This was inspired by Emily Carlin, who has some fantastic defensive magick resources. The “clean slate” of dark moon energy is a perfect time for more serious shadow work, either using her suggested ritual, or one of your own devising. Even something simple, like lighting a black candle and taking a half hour to meditate and journal is enough.
Don’t Forget Your Hidden Good Qualities
Nicknamed the “golden” shadow by some psychologists, we also have positive aspects of ourselves that are suppressed for various reasons. Personally my shadow is comprised largely of the “golden” treasure. It took years of shadow work before I could look in a mirror and say “you are beautiful” and I still struggle with it.
It is easy to remember moments of the day where we got angry, but what about the times we had a sudden attraction to someone? I don’t mean in a sexual way, although it can be misinterpreted as that. For example, you might have a friend whom you admire because he is always thoughtful toward others. “I wish I was like that!”
Guess what, you probably are, deep down. That is why it is so attractive to you. Sometimes shadow work involves digging through and prying open locked chests, crusted over with debris, to let the light shine out.
When I uncover one of these hidden gems, I name myself with that quality. Speak it out loud, if you can, three times. Don’t hesitate, state it clearly and with intent. “I am courageous” “I am loved” “I am patient”
If you have been baptized in the Christian tradition, notice that a lot of the “Q&A” responses include affirmations like this. There’s a reason for that; it has power.
Upcoming Shadow Work Opportunity: Nativity Fast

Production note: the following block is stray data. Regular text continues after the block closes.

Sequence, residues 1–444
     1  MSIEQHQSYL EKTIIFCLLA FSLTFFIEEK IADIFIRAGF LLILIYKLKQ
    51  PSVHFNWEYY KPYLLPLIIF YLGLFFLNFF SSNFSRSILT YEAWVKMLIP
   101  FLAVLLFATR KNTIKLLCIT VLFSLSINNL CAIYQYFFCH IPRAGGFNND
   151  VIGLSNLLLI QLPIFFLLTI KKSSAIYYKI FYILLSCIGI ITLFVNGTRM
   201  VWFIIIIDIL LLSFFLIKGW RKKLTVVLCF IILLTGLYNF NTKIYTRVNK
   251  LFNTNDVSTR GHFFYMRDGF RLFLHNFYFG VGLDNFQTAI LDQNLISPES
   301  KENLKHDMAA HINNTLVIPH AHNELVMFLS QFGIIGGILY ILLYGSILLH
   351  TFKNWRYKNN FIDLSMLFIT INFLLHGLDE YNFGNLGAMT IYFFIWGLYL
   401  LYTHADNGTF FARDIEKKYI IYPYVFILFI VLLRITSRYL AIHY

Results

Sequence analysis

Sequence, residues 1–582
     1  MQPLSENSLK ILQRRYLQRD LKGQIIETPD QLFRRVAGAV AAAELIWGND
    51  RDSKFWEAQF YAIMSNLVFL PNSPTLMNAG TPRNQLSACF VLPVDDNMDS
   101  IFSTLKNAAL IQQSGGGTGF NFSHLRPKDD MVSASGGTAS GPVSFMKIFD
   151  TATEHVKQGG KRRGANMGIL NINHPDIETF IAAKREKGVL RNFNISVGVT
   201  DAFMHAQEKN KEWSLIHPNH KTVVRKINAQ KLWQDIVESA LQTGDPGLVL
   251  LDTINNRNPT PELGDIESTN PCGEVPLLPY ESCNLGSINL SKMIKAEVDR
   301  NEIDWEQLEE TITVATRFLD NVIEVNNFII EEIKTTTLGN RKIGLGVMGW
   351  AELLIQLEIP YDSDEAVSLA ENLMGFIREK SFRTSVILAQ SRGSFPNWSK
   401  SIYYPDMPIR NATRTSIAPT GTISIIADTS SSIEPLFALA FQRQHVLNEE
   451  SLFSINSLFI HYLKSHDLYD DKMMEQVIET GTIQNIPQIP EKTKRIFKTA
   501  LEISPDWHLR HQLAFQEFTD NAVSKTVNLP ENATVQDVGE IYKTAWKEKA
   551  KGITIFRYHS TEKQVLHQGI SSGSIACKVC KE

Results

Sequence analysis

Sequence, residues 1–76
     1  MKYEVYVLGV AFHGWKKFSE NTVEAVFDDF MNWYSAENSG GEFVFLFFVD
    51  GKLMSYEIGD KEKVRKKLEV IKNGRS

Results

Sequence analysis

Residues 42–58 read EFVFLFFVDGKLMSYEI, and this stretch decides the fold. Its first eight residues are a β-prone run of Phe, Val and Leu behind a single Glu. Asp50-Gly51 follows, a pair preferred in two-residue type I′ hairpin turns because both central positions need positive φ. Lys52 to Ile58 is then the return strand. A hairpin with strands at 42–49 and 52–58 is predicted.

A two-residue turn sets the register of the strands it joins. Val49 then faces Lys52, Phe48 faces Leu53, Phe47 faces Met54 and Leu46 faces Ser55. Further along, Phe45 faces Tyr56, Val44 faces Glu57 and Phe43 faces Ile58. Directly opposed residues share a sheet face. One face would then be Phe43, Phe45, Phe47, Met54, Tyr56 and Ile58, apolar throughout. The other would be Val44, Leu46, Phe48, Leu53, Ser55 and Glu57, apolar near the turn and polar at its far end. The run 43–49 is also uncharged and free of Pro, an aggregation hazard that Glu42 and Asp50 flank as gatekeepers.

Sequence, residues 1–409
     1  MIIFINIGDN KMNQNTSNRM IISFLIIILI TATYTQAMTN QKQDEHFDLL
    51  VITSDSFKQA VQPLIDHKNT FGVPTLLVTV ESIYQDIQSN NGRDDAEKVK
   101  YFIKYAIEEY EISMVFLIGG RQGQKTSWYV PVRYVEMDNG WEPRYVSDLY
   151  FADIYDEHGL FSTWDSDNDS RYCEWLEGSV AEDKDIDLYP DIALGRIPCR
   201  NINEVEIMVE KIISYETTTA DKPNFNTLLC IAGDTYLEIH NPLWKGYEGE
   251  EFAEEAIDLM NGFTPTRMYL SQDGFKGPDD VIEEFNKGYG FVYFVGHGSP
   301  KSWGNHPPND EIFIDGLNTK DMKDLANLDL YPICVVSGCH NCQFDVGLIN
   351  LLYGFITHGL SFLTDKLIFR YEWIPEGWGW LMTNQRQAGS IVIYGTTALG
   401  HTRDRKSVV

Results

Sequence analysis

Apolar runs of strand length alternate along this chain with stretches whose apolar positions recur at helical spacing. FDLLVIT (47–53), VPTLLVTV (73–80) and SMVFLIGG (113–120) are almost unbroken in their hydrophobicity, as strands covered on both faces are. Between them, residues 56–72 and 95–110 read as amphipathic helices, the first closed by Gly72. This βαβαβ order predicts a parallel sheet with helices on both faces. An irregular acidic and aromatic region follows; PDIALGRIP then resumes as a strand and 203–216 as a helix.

Lent is incredibly famous as a shadow work time, but I’ve always been drawn to the darker parts of the year. Winter seems a more appropriate time to me for self-reflection. The only downside is having to walk past heaping plates of Christmas cookies for a month and taking it easy during Thanksgiving dinner.
I did the full version of the fast once, and wow it was difficult. I have newfound respect for anyone in the Eastern Orthodox tradition. I vividly remember Christmas Eve that year, when everyone had brought an amazing array of delicious treats for after Mass, but of course that day no solid food is allowed until evening. It was torture!
The exact dates of the Nativity Fast vary, but 40 days before Christmas is a popular choice (November 15 – December 24).
Sacrifice of a Contrite Heart
Psalm 51:17 always comes to mind with shadow work. God doesn’t want a bunch of fancy sacrifices, he loves a “broken and contrite heart.”
The “broken” in the original refers to an act of shattering something into pieces. Some scholars have looked at other use cases of the word for context, and believe it refers to smashing something during a forging process—in other words ripping it apart in order to renew it as something better.
The context of this verse comes after King David seduced Bathsheba and murdered her husband to cover it up (ie an extreme example of acting instinctually from the shadow self).
He throws himself on the Lord’s mercy, pleading “restore to me the joy of your salvation.”
David can be a really horrible human being in the Bible, so why is he often held up as an example? My theory, and one that Romans 5 seems to agree with, is that David takes the time to face his personal demons. He looks at himself in the mirror and is able to go “yikes, that’s got to change” and has the good sense to ask for help from God to get it done.
The point of that ramble through the Bible is this: